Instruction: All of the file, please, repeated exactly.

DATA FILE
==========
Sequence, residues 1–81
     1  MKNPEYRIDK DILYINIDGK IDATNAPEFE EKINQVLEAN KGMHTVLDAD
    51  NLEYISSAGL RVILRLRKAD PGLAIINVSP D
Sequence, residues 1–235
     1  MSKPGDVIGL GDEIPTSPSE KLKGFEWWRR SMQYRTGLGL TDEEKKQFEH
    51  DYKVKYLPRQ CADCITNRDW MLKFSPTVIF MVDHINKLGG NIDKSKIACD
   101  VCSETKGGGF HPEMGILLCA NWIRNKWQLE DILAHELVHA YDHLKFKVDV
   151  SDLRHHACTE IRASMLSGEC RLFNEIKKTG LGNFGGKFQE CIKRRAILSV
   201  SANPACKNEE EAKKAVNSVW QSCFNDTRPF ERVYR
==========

Sequence, residues 1–81
     1  MKNPEYRIDK DILYINIDGK IDATNAPEFE EKINQVLEAN KGMHTVLDAD
    51  NLEYISSAGL RVILRLRKAD PGLAIINVSP D
Sequence, residues 1–235
     1  MSKPGDVIGL GDEIPTSPSE KLKGFEWWRR SMQYRTGLGL TDEEKKQFEH
    51  DYKVKYLPRQ CADCITNRDW MLKFSPTVIF MVDHINKLGG NIDKSKIACD
   101  VCSETKGGGF HPEMGILLCA NWIRNKWQLE DILAHELVHA YDHLKFKVDV
   151  SDLRHHACTE IRASMLSGEC RLFNEIKKTG LGNFGGKFQE CIKRRAILSV
   201  SANPACKNEE EAKKAVNSVW QSCFNDTRPF ERVYR